Nightshade Page 41

“Don’t knock gossip.” I pinched his hand. “It makes the world go round.”

“Too true,” he said, laughing softly. “We can find out what’s in this book. It might be slow, but we’ll be able to pull a translation together.”

“I can’t read it,” I said, twisting my fingers tightly around his. “I’m just too afraid. And I suck at Latin.”

“So you want me to do all the work and just tell you what’s in the book?” Shay said. “Nice try, grasshopper.”

“I can still help,” I said. “While you translate, I’ll do research. Look up secondary materials that you need to understand the history. I can also answer questions about my world, things that might not make sense as you read them.”

He nodded, sliding the Keeper’s text into his backpack. “That would be helpful. But how are you going to manage to keep it quiet? I thought you weren’t supposed to mix with humans.”

I leaned against the headrest. “Well, one of the new orders I just received is to spend more time with you. The exact words were that I should be your ‘de facto bodyguard.’”

His eyes lit up. “That doesn’t sound bad at all.” I stopped his hand when he began moving it up my thigh.

“I still have rules to follow.”

“Your rules, not mine,” he teased before I pushed his fingers onto the seat. “The library is open until 8 p.m. Monday through Thursday. As much as I’d like to cut school every day, I’ll probably just work on this from four to eight on those nights. Can you meet me?”

“Yeah. I only have patrol on Sundays.” I chewed on my lip as I committed myself to treason.

“Good. Then that’s our plan.” A devious grin split his face. “It’s going to be fun.”

“Risking our lives is fun?”

“Why not?” he said, opening the passenger door. “I’ll start on this tonight and maybe I’ll have some research questions for you tomorrow.”

“Thanks, Shay.”

“It’s been a pleasure, she-wolf.” He climbed out of the Jeep before I could hit him.


A SHINY BLACK GRAND CHEROKEE WAS parked in our driveway. I frowned, wondering why Ren’s SUV was still at our house. I walked in the front door and heard piano chords in a minor key lilting from the living room. Ren was seated at the kitchen table. He stood as I approached.

“What are you doing here?” The question came out more sharply than I intended; the Bane alpha had never visited my home before.

“I spent some time talking with your brother,” he replied, glancing toward the stairs. “And then I waited for you to come home. Your parents said it would be all right.”

“Why?” I rested my hands on the back of a kitchen chair. “I mean, why are you waiting for me?”

“I wanted to talk with you.”

“About what?”

He looked back at the stairs. “Can we go to your room?”

I bit my lip, suddenly feeling a little dizzy. “I guess. It might be messy.” I envisioned dunes of clothes we’d have to navigate. “Just let me check in with my mom and dad, okay?”

“Of course.”

I rolled my tense shoulders back as I walked to the living room, trying to loosen the muscles.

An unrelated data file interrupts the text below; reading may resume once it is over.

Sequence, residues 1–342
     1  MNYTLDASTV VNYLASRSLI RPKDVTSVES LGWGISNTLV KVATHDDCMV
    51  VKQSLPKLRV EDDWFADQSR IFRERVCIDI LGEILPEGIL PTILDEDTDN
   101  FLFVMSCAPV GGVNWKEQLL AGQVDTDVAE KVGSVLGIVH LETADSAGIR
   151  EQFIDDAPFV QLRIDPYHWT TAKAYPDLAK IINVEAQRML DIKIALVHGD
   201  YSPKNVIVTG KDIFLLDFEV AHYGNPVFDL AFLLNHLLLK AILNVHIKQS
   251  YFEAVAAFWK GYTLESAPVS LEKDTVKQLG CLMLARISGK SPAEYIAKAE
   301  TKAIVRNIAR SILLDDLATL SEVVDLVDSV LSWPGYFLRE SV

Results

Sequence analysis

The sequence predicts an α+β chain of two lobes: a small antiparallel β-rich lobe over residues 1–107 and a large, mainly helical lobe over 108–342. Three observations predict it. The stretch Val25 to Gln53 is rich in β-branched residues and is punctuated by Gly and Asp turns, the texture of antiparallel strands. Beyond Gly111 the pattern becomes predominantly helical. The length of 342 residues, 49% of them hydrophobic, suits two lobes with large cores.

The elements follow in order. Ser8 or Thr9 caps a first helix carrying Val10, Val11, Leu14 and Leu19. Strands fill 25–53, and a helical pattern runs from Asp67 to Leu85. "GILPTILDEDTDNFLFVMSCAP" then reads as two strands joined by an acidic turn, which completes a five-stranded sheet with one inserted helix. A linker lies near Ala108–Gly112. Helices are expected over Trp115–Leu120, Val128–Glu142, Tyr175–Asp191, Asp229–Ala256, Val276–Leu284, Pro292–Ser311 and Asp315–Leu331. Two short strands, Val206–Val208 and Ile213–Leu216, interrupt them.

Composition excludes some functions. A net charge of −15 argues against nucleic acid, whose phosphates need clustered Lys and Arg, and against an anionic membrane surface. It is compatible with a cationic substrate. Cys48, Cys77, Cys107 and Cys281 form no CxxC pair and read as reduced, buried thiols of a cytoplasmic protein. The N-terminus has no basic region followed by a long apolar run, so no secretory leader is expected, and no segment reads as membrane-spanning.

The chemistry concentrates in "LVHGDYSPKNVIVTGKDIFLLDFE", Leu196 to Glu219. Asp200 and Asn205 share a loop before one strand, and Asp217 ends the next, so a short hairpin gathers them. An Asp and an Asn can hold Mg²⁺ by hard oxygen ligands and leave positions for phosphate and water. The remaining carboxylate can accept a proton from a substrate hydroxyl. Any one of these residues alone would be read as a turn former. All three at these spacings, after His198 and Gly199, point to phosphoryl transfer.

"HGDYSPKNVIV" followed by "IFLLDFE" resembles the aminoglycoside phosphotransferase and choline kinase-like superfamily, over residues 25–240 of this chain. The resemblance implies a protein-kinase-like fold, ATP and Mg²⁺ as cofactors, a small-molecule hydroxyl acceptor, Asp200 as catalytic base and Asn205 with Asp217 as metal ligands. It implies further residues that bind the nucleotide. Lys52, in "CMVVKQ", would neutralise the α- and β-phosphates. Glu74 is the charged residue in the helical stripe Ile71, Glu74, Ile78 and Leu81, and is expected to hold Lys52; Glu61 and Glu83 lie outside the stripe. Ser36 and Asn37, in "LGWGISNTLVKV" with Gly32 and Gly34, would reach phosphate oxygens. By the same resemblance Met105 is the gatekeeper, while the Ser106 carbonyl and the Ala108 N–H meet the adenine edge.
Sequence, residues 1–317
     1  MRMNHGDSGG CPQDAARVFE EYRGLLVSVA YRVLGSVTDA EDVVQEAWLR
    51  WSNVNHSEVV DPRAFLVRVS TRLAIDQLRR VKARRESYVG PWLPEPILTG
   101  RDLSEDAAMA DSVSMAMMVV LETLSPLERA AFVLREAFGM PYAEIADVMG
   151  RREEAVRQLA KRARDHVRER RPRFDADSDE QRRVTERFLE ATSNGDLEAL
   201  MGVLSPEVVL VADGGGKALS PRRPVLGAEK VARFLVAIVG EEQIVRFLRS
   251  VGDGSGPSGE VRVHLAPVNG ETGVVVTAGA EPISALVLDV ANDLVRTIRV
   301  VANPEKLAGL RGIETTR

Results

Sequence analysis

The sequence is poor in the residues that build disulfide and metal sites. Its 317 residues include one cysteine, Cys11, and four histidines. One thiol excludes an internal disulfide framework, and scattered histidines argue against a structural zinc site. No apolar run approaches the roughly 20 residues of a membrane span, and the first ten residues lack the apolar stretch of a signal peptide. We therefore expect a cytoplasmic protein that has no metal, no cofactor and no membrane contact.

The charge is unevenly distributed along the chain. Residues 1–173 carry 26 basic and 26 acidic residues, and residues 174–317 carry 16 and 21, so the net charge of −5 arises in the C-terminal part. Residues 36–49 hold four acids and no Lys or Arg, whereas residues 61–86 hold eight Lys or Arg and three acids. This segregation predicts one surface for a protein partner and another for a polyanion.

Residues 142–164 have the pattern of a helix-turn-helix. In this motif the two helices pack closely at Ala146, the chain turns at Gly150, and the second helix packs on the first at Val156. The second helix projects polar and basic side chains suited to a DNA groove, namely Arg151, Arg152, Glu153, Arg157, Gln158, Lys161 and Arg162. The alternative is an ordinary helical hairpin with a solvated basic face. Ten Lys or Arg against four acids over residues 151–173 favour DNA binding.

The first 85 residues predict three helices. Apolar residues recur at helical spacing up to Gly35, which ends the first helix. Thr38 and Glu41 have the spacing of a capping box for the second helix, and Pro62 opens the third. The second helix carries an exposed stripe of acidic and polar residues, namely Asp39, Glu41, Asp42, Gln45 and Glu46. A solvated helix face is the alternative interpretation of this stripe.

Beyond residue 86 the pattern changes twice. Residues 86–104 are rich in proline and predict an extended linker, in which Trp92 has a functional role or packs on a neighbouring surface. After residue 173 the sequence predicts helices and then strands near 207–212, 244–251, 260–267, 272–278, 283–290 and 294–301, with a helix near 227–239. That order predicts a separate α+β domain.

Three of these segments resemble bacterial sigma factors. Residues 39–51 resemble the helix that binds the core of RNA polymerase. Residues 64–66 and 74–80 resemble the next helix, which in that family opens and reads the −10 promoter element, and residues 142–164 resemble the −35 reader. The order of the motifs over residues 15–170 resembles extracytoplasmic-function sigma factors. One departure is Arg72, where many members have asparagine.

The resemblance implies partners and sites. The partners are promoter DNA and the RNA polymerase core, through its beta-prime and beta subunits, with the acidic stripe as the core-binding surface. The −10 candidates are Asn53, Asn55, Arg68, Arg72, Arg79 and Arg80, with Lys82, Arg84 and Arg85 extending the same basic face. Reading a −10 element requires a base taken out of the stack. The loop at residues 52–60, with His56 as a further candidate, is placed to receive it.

I had paused in the hall, staying out of sight, when I heard their anxious voices. Something was up.

“The boy’s nearly a man and built like the best sort of warrior,” my father said. “There’s no sense worrying over it. And Calla’s always been a good fighter; she’ll hold her own.”

“Maybe,” my mother replied. “But why the change? Neither of them will expect it. It’s a harsh trial. They’re so young.”

“Only a few years younger than we were, Naomi. The point of the trial is to prove their ability to fight as a pair,” my father said. I heard the clink of glass as he poured himself a drink. “It’s still a kill like any other.”

“It is not.” My mother’s voice shook. “She’s never killed a—”

At the word kill, I dropped my bag. Their voices stopped when it thudded on the hardwood floor.

Great. No sense in hiding now. I kicked my bag toward the kitchen.

When I walked into the living room, my parents looked startled.

“Good evening, Calla,” my mother said, working to compose herself. “We didn’t hear you come in.”

My father leaned back in his leather chair; his eyes were closed, but I knew he was awake. Chopin’s notes trickled around me like a slow-moving stream under a moonless sky.

“Hi.” I clasped my hands behind my back. “Ren and I are going upstairs to chat for a while.”

“That sounds lovely, dear,” my mother said. “Don’t you think that will be nice for Calla, Stephen?”

“Should be fine.” An uncharacteristic smile curved along one corner of my father’s mouth. “Ren is an impressive young man . . . nothing like Emile. That was a pleasant surprise.”

I blinked at him in disbelief. He continued to smile.

“Trust me, Cal. Your life will be much more pleasant than if you’d been mated to Ren’s father.”

“Uh, okay.” I started back toward the kitchen, wishing I knew what they’d been talking about earlier.

“Calla.” My mother’s coaxing voice stopped me. “It is of course perfectly acceptable for Renier to call on you, but remember that you are a lady. Don’t bring shame on yourself by making poor choices.”

“No, of course not.” I kept my eyes on the hardwood floor, thinking about Shay’s kiss and how much more I’d wanted from him.

A sly smile hovered on Ren’s lips when I returned to the kitchen table.

If he heard what Mom said, I’m going to kill her.

“Let’s go, then.” I waved for him to follow me upstairs. “So you talked to Ansel?”

“Mason called me while I was driving your brother home. He wanted to make sure Ansel didn’t get any ideas about vigilante justice.”

I paused in front of my bedroom door.

“Why did he call you?” The news stung; Mason really didn’t trust me.

“You don’t have to be territorial, Lily,” Ren said with a quiet laugh. “He suggested that because you’re Ansel’s sister, the cub might not take your warnings to heart. Besides, I’m the alpha wolf of the pack now. It’s protocol that they come to me first. Even before you.”

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